How Managing Conflict Can Make you a Better Leader

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How Managing Conflict Can Make You a Better Leader

By: Stephanie Williams

Recently, a senior executive told me that the single most important thing she has learned about being a leader has been to deal with conflict effectively.  This woman has had a long career and participated in a plethora of leadership development programs over the years, so this comment was quite remarkable.  Why would she see managing conflict as the most significant aspect of being a leader?  I believe it is because conflict is a powerful force – it can destroy but it can also transform.  Leaders who are able to minimize the destruction and harness the transformative power of conflict are able to bring tremendous value to themselves, their people and their organizations.

I offer three tips for leaders in how to approach conflict and reap its benefits.

  1. Accept conflict as normal. Conflict is everywhere, and as much as we might find it unpleasant and difficult to deal with, no one can truly avoid conflict… at least not for long. At its core, conflict is a difference of some sort: a difference in values, understandings, wants, ideas, etc.  When we perceive a difference as incompatible, we experience conflict.  We then tend to attach emotions to the difference – the emotions can be “hot” (e.g., personal attacks and anger) or “cold” (e.g., refusing to speak).  Whether these emotions emerge into the open or not, when we stick our heads in the sand and hope conflict goes away, it almost always does not.  Instead, it grows and festers and becomes more destructive to relationships, teams and organizations.

One of the first steps in handling conflict well is to accept it as a normal part of life, not an anomaly.  Digging through emotions to identify underlying differences helps tremendously in viewing conflict as “it is what it is.” Human beings will always experience differences with each other, and that is okay.

  1. Learn and practice skills to manage conflict well. Conflict can feel scary when we do not know what to do with it. But there are very practical skills we can learn.  Numerous books, articles and training programs teach skills to manage conflict well.  These skills include self-awareness and managing one’s own emotions to having difficult conversations and mediating conflict among others.  It is critical to build your tool kit with approaches and techniques for dealing with conflict because every situation is unique, and different tools work better in different cases.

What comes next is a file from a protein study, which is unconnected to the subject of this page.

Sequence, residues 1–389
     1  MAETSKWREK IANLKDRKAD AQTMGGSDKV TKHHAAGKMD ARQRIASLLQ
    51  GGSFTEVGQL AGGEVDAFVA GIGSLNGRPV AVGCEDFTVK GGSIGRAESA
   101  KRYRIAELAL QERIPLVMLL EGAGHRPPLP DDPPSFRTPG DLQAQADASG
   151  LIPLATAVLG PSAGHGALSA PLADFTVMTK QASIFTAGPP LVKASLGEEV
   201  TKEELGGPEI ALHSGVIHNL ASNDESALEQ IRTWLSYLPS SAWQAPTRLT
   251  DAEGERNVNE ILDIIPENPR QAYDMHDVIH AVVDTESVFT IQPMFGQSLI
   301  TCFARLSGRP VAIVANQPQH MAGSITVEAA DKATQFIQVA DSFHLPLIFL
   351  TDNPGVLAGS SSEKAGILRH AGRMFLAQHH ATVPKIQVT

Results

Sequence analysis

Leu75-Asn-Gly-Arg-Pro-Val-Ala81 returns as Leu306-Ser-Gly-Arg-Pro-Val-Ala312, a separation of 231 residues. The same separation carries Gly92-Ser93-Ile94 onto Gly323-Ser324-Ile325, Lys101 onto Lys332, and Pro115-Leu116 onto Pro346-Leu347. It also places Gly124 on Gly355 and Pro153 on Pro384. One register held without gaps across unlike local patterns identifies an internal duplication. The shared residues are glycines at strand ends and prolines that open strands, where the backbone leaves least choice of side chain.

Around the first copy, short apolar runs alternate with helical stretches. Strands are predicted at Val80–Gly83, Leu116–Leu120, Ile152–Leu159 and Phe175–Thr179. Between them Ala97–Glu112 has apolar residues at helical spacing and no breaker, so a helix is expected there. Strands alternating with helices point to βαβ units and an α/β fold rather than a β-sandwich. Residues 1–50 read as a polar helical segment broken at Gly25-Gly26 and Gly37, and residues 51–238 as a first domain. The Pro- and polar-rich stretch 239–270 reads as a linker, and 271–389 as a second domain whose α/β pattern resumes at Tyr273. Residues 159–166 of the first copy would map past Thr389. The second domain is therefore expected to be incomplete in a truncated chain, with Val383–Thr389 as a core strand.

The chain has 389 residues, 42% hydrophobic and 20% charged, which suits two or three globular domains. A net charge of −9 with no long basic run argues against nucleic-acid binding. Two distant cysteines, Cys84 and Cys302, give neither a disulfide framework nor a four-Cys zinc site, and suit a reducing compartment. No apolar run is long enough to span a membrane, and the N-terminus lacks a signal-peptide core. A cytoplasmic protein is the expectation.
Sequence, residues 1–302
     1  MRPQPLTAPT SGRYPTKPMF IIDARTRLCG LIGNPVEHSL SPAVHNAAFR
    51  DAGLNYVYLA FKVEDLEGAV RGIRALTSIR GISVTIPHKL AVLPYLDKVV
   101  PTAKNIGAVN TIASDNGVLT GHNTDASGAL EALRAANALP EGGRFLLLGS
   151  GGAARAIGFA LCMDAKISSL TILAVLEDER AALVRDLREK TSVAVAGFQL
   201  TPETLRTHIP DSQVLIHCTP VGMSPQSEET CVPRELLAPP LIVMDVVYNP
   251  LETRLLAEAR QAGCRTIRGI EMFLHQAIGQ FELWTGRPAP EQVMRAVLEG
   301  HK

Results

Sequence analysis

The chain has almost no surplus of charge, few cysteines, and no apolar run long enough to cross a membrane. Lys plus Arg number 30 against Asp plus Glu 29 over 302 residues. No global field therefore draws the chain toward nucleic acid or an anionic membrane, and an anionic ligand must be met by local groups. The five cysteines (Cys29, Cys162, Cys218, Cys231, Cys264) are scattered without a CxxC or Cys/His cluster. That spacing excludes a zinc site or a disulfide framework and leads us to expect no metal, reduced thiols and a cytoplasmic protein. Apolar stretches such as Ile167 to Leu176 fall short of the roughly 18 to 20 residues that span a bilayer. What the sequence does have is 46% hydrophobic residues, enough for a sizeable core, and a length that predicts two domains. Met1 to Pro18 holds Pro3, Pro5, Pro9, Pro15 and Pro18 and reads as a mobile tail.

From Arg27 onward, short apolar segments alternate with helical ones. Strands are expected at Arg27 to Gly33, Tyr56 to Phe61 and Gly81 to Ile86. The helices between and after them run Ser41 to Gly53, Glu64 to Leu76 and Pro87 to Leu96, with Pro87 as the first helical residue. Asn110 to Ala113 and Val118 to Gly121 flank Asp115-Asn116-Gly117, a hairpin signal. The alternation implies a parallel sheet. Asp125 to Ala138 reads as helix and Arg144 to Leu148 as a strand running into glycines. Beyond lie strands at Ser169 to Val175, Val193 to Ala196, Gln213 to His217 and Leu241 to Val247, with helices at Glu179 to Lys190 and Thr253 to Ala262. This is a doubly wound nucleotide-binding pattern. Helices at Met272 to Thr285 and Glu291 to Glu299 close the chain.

When managed well, conflict becomes a positive force – working through it constructively builds trust and can bring people and teams closer together and actually improve and deepen relationships.  In addition, teams and organizations can experience greater creativity and innovation as well as better decision making because they have processed through different opinions and perspectives.

  1. Serve as a role model. I can’t tell you the number of times I hear people criticize their leaders for failing to deal with difficult issues. By “difficult issues,” they undoubtedly mean some kind of conflict.  When a leader avoids conflict, people take note and are likely to lose respect for that person.  As a leader, it is important to demonstrate that you have the courage and the ability to face and work through challenging issues.  Others will see what you do and how you handle situations in the face of conflict – in turn, that helps them to do the same.

Don’t let conflict get the best of you.  It is going to be a part of life and work no matter what. Shied away from or allowed to rage like a fire, conflict will destroy relationships, teams and organizations.  But when it is embraced and dealt with effectively, conflict really does have a lot to offer.  Make sure you are able to get the most of it.

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Comments
  • Shanteingo Watson
    Reply

    This article was very interesting and I would love to read more once they become available. Thank you for the opportunity that was given to me so that I can enhance my leadership abilities differently.

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